Kristin Espeland Gourlay joined Rhode Island Public Radio in July 2012. Before arriving in Providence, Gourlay covered the environment for WFPL Louisville, KY’s NPR station. And prior to that, she was a reporter and host for Wyoming Public Radio.
Gourlay earned her MS from Columbia University’s Graduate School of Journalism and her BA in anthropology from Lewis & Clark Collegein Portland, OR.
She’s won multiple national, regional, and local awards for her reporting, and her work has aired on NPR and stations throughout the country. She’s particularly proud of the variety of protective clothing she’s had to wear on assignment, including helmets, waders, safety goggles, and snowshoes.
Originally from Chicago, IL, Gourlay loves music, cooking, and spending time with her family.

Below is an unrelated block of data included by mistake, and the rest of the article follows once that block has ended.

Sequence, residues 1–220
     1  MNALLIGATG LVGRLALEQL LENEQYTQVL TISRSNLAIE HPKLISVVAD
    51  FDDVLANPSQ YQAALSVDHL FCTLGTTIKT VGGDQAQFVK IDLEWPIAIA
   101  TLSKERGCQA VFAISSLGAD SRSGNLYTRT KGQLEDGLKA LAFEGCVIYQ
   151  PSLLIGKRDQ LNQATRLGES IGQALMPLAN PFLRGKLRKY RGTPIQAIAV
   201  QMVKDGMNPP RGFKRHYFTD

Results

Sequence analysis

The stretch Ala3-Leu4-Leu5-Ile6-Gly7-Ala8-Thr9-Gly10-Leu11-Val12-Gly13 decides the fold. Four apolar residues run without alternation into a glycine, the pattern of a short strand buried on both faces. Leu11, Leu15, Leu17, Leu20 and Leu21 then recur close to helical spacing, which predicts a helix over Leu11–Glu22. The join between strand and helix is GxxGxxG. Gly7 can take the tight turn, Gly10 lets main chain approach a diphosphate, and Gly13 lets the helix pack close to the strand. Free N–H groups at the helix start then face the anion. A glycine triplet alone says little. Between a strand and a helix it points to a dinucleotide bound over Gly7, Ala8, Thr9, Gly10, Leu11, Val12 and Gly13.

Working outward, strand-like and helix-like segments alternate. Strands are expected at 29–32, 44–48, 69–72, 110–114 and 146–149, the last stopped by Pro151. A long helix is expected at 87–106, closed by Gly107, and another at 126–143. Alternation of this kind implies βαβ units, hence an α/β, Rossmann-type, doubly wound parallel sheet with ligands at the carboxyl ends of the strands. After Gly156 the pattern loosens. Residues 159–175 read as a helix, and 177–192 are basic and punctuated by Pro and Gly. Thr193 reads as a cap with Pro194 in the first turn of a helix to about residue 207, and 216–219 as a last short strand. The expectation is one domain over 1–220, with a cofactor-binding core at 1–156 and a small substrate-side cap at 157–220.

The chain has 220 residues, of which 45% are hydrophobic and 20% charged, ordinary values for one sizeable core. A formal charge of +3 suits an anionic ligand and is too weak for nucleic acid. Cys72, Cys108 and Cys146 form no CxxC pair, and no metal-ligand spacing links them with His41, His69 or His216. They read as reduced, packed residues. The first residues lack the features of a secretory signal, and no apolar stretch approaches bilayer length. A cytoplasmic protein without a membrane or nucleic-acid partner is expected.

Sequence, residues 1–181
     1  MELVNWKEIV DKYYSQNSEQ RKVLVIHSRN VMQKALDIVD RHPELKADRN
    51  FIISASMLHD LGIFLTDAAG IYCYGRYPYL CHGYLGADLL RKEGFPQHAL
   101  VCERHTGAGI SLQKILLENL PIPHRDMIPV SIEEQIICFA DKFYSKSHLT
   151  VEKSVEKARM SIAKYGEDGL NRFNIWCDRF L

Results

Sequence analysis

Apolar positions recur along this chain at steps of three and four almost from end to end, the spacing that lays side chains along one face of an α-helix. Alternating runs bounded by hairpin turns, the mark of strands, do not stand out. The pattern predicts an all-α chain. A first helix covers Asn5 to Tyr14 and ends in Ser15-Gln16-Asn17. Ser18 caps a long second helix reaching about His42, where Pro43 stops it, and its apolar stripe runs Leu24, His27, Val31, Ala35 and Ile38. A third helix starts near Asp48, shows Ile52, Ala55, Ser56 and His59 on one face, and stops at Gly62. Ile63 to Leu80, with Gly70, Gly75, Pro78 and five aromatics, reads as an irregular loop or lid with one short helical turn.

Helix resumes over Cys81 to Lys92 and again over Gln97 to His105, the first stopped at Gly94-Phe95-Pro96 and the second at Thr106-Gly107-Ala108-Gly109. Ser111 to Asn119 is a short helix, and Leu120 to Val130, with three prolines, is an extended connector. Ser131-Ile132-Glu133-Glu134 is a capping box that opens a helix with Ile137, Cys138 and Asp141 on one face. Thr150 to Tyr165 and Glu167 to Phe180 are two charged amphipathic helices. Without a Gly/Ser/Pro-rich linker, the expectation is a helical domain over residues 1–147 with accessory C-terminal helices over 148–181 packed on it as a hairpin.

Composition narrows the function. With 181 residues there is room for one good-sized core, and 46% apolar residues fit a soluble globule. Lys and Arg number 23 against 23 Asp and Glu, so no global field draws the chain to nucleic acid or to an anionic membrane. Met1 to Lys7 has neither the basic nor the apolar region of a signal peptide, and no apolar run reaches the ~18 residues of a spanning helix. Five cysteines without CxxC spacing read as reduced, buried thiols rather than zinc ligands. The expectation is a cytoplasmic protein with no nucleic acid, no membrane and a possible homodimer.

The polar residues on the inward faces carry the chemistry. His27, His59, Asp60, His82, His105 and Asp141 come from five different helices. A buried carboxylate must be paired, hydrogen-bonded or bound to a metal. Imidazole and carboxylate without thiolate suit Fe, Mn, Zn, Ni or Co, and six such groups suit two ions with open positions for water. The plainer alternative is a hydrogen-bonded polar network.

Since the Supreme Court overturned Roe v. Wade in 2022, numerous states have banned abortion. Here are the states with bans or severe restrictions in effect, on hold or pending.
Parents with disabilities often face extra issues with remote learning. A deaf mom whose first language is American Sign Language is navigating the challenge of monitoring her hearing child's work.
Move over, epidurals, here comes nitrous oxide. After enjoying popularity in the U.S. for managing labor pain until the mid-20th century, it was dropped in favor of anesthesia. Now it's back.
Most of the millions taking prescription painkillers are older than 45, research shows, and there's been a recent increase in drug overdose deaths among people over 55. Drug mixing is partly to blame.
It's partly because of the rising price of heating oil, but partly the desire for home energy independence. Either way, wood stove retailers and cut wood sellers are rejoicing.
Tulane medical students are trading in their scrubs for chefs whites. They've teamed up with culinary students at Johnson & Wales University as part of an innovative new program designed to teach both groups how good nutrition can help stave off lifestyle diseases.